The Cypriot government decided earlier today to impose a 6.75 percent tax on bank deposits as high as 100,000 euros ($130,580) and a 9.9 percent levy on deposits in excess of that amount in order to win a European aid package.
The measure, due to raise 5.8 billion euros, is designed to help limit the amount of outside emergency funds for Cyprus to a maximum of 10 billion euros and keep Cypriot debt sustainable. The Cypriot government had previously vowed to protect depositors.
“The exchange of this levy with shares in the banking institutions affected gives an upside potential,” Sarris told reporters in Brussels after euro-area finance chiefs reached the agreement that also includes a planned rise in the Cypriot corporate tax rate to 12.5 percent from 10 percent.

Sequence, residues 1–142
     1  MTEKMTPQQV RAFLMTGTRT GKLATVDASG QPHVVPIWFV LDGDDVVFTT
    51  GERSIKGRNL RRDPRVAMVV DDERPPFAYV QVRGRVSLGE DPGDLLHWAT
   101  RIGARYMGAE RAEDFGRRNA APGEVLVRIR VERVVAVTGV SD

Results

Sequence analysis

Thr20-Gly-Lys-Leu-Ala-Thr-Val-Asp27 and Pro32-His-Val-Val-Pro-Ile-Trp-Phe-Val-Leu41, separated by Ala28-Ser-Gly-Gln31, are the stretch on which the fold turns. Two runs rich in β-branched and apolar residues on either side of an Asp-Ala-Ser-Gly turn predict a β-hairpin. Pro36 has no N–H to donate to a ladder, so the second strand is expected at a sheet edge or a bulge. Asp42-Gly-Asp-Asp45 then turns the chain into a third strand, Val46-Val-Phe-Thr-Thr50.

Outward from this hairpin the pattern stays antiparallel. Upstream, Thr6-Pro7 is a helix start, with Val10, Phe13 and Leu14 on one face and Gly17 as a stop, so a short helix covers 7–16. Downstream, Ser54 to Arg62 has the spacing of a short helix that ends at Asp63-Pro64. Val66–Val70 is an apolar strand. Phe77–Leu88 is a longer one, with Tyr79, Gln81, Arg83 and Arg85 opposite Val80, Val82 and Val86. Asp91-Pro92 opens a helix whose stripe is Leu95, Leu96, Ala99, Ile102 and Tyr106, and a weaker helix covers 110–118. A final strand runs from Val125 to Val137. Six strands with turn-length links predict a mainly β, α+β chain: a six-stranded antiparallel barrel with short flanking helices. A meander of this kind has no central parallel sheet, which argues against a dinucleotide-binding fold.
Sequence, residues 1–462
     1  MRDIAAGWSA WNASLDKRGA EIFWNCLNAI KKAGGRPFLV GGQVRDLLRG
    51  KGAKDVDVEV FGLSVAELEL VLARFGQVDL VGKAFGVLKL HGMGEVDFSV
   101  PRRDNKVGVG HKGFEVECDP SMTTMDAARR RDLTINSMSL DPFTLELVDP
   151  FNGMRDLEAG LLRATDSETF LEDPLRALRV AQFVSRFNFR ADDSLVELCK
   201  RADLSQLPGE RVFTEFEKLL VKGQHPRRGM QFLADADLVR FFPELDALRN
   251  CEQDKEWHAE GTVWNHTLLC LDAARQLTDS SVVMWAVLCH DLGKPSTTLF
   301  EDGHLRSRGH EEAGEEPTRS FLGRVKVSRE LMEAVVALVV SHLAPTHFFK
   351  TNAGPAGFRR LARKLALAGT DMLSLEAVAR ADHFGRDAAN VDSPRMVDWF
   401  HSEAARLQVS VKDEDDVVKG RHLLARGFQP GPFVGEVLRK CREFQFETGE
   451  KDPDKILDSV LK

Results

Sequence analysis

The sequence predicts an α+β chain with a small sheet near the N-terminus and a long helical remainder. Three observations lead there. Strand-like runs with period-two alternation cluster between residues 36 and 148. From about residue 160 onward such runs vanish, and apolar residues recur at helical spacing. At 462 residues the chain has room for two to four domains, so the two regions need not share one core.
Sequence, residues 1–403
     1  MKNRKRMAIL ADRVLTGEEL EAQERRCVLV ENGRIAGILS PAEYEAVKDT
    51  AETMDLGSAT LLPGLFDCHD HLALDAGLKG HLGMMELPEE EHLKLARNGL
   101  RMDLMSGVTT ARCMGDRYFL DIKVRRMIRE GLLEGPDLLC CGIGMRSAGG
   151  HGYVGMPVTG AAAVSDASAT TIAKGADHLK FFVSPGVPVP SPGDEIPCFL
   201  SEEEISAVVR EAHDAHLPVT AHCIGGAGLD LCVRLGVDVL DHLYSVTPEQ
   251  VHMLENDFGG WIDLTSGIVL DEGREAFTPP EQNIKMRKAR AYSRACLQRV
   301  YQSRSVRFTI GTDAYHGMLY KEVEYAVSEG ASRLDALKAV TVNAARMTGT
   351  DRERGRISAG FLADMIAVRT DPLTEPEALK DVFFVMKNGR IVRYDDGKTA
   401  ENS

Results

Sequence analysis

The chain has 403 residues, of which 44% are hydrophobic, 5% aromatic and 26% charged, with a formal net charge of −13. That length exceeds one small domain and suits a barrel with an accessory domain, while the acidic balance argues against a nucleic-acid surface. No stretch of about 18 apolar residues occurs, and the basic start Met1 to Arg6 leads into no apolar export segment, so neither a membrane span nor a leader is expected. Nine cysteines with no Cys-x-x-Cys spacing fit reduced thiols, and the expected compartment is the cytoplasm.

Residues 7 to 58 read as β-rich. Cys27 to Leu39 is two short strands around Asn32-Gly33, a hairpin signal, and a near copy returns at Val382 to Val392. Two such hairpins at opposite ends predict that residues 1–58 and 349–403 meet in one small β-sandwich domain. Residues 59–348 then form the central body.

The euro area had refused to exclude the possibility of imposing losses on bank-account holders in Cyprus as a way to prevent its debt from becoming unsustainable while negotiating a rescue program that has been in the works for nine months. Such an element isn’t part of existing aid packages for Greece, Ireland, Portugal and Spain.